'Raining bombs': UN pleads for truce as warplanes pound Syrian district for 5th day
At least 403 people have been killed in eastern Ghouta district since Sunday night, says monitoring group
Warplanes pounded the last rebel enclave near Syria's capital for a fifth day running on Thursday as the United Nations Security Council considered demanding a 30-day truce across the country to allow emergency aid deliveries and medical evacuations.
The UN envoy for Syria, Staffan de Mistura, pleaded for a ceasefire to halt one of the fiercest air assaults of the
seven-year civil war and prevent a "massacre" in the besieged eastern Ghouta region on the outskirts of Damascus.
for Human Rights war monitor, with more than 2,116 wounded from the assault by Syria's military and its allies.
Majid Santiha, a father of four, was one of them — killed in an airstrike Wednesday. His body was carried away on a stretcher to a medical centre with his children.
'We will be judged by history'
One of his little boys was dug out from the rubble, blood trickling from cuts on his face. His sister, also alive, was slung over the shoulder of a rescue worker, her face and head scarf white from dust. Two other siblings also survived.
"There is a need for avoiding the massacre, because we will be judged by history," UN Syria envoy Staffan de Mistura said, urging the 15-member security council to act. The council was meeting on Thursday to
discussion the situation at the request of Russia.
President Bashar al-Assad's main ally Russia, which wields a veto on the Security Council, said it could support a 30-day truce, but not one that included the Islamist militants it says the onslaught on eastern Ghouta is meant to target.
In the north, where Turkey launched an offensive in the past month against a Kurdish militia, the Kurds say pro-government fighters were now deploying to the front lines to help repel the Turkish advance.
Government forces have also entered a part of Aleppo controlled by the Kurdish YPG militia, a witness and a monitor group said, although the YPG denied this.
The Kurdish YPG — allies with the United States in other parts of Syria — have sought assistance in recent days from the Russian-backed government to resist the Turkish offensive, an example of the unexpected alliances wrought during a multi-sided conflict that has drawn in neighbours and world powers.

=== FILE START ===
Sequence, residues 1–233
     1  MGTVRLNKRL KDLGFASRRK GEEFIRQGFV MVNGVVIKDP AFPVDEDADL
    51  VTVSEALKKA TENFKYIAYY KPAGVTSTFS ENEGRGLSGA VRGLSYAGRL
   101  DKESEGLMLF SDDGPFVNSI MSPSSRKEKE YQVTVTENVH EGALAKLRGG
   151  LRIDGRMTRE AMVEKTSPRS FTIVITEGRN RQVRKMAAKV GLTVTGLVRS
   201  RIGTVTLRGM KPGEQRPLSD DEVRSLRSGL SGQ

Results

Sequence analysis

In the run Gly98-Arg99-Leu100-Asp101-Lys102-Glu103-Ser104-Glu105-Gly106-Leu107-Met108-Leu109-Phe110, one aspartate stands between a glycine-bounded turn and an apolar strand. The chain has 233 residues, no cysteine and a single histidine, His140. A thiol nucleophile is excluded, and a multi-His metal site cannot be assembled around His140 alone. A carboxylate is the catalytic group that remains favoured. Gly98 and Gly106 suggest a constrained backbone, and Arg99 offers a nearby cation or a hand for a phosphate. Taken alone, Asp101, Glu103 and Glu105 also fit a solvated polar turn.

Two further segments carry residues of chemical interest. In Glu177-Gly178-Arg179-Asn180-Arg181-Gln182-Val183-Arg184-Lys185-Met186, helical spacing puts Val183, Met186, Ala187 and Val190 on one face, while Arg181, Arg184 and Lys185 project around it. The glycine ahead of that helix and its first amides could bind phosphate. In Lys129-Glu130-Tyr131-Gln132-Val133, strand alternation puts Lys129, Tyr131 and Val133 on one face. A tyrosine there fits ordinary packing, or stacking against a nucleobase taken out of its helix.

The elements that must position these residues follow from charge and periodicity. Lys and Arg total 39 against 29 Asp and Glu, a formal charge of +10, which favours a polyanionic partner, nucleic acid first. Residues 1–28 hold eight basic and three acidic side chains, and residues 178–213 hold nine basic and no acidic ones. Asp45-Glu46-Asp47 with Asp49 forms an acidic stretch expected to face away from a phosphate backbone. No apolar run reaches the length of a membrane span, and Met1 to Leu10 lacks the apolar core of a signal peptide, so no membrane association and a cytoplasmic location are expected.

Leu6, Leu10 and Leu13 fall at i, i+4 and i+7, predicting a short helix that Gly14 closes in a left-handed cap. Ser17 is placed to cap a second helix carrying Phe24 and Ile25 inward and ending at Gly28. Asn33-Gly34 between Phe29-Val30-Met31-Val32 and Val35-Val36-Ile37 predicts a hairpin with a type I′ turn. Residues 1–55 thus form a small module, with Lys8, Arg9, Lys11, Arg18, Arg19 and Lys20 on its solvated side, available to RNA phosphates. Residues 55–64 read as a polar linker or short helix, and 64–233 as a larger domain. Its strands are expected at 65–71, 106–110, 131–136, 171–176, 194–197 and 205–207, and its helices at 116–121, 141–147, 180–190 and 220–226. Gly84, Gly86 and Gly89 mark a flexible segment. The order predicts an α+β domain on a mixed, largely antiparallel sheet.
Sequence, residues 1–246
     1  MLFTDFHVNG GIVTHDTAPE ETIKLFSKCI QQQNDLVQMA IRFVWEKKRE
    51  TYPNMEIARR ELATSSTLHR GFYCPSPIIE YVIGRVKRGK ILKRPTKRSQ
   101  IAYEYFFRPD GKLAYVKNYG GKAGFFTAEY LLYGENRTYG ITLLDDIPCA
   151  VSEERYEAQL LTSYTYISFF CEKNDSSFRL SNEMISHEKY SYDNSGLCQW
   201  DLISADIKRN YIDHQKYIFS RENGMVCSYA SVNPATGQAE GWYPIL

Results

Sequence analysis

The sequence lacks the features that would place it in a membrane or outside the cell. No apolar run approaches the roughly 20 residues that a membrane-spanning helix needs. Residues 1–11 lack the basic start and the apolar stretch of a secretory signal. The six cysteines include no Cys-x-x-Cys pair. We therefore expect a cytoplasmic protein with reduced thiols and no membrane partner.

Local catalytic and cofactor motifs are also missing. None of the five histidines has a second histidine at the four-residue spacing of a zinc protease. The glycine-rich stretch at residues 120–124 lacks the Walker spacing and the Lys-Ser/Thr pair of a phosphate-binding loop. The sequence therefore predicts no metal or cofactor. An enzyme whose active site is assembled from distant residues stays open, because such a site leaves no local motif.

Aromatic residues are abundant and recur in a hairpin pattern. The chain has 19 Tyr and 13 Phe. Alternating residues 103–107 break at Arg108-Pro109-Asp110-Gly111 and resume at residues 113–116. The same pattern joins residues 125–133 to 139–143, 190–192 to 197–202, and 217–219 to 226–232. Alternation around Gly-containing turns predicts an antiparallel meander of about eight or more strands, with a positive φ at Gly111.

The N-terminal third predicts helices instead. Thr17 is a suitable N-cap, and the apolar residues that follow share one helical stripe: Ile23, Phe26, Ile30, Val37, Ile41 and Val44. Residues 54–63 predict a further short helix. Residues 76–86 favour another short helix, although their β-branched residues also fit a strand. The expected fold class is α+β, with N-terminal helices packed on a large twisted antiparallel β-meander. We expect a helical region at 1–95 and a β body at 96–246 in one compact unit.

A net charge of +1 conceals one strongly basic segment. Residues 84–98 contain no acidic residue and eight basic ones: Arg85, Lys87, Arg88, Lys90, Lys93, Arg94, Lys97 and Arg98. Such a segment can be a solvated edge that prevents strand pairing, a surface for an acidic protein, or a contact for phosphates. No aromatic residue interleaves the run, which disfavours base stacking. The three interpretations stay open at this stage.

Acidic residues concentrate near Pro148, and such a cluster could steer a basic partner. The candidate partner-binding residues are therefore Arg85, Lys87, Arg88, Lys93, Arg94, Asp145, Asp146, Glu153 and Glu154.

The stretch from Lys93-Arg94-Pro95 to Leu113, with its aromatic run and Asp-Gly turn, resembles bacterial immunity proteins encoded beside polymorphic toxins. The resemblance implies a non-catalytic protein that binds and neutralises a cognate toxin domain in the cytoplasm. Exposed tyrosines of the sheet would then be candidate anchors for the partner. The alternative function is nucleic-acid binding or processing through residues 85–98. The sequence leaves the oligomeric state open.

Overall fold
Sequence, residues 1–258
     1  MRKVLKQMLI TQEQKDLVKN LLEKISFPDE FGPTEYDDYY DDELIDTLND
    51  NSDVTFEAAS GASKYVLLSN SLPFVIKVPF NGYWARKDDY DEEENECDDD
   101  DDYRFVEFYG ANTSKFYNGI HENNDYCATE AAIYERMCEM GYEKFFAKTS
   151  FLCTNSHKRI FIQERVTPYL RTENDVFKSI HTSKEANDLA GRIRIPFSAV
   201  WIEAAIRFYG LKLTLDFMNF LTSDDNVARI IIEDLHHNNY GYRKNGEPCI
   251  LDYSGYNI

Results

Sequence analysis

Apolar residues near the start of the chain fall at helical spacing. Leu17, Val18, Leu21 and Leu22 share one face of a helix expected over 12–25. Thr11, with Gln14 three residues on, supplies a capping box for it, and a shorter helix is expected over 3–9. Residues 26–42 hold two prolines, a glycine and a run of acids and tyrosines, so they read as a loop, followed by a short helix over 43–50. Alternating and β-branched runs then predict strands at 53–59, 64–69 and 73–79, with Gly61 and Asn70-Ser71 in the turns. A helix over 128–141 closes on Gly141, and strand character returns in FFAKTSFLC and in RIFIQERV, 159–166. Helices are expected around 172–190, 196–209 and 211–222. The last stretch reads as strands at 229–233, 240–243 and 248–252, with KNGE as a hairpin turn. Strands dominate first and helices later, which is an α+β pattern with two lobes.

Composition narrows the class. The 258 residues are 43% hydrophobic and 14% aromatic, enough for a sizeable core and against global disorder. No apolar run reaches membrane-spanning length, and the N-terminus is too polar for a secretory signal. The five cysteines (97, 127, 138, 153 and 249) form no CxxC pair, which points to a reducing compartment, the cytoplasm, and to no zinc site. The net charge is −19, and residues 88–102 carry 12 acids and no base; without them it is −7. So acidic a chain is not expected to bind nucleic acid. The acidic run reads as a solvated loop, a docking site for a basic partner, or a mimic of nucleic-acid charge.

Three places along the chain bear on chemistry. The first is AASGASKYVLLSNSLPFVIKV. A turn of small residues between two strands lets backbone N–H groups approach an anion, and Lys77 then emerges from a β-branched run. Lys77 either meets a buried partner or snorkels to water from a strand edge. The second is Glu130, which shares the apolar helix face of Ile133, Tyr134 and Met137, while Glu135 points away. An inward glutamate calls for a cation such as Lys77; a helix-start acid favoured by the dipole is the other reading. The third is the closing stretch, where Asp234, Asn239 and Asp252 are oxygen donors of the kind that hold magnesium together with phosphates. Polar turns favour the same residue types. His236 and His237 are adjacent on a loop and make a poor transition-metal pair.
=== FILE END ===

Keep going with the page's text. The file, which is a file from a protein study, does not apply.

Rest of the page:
Mass civilian casualties
International attention is now focused on the humanitarian plight in the eastern Ghouta, where 400,000 people have been under siege for years and where government bombardment escalated sharply on Sunday, causing mass civilian casualties.
"I hope it will. But it's uphill. But I hope it will. It is very urgent," he said as he arrived at the UN in Geneva.
Residents and insurgents in eastern Ghouta say high-altitude jets of the kind involved in bombing on Thursday morning are Russian, as Moscow's warplanes typically fly higher than those of the Syrian air force.
Damascus and Moscow deny targeting civilian areas and accuse rebels of holding civilians as human shields. Western powers have also accused Russia of aiding the bombardment.
"Those who support the terrorists are responsible" for the situation in eastern Ghouta, Kremlins pokesperson Dmitry Peskov told a conference call with reporters.
"Neither Russia, nor Syria, nor Iran are in that category of states, as they are waging an absolute war against terrorists in Syria."
Aid convoys await clearance
A White House statement said Washington backed the UN call for a ceasefire to allow access for aid and medical evacuations.